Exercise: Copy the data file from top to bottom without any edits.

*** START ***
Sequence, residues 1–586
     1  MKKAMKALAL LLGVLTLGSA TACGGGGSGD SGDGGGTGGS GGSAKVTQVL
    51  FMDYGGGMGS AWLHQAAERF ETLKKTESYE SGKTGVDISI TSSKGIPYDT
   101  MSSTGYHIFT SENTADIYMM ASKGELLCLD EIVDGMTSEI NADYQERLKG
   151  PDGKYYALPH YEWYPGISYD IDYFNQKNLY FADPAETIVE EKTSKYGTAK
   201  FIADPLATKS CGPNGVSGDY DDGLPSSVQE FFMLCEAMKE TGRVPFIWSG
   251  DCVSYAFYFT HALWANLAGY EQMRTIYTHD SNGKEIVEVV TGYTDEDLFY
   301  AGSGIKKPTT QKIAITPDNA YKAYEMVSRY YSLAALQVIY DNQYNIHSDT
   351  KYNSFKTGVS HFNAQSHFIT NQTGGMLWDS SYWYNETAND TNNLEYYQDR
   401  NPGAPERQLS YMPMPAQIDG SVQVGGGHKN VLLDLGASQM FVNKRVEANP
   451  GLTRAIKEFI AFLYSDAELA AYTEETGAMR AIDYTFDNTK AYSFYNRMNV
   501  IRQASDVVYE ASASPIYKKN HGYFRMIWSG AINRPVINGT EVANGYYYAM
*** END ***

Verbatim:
Sequence, residues 1–586
     1  MKKAMKALAL LLGVLTLGSA TACGGGGSGD SGDGGGTGGS GGSAKVTQVL
    51  FMDYGGGMGS AWLHQAAERF ETLKKTESYE SGKTGVDISI TSSKGIPYDT
   101  MSSTGYHIFT SENTADIYMM ASKGELLCLD EIVDGMTSEI NADYQERLKG
   151  PDGKYYALPH YEWYPGISYD IDYFNQKNLY FADPAETIVE EKTSKYGTAK
   201  FIADPLATKS CGPNGVSGDY DDGLPSSVQE FFMLCEAMKE TGRVPFIWSG
   251  DCVSYAFYFT HALWANLAGY EQMRTIYTHD SNGKEIVEVV TGYTDEDLFY
   301  AGSGIKKPTT QKIAITPDNA YKAYEMVSRY YSLAALQVIY DNQYNIHSDT
   351  KYNSFKTGVS HFNAQSHFIT NQTGGMLWDS SYWYNETAND TNNLEYYQDR
   401  NPGAPERQLS YMPMPAQIDG SVQVGGGHKN VLLDLGASQM FVNKRVEANP
   451  GLTRAIKEFI AFLYSDAELA AYTEETGAMR AIDYTFDNTK AYSFYNRMNV
   501  IRQASDVVYE ASASPIYKKN HGYFRMIWSG AINRPVINGT EVANGYYYAM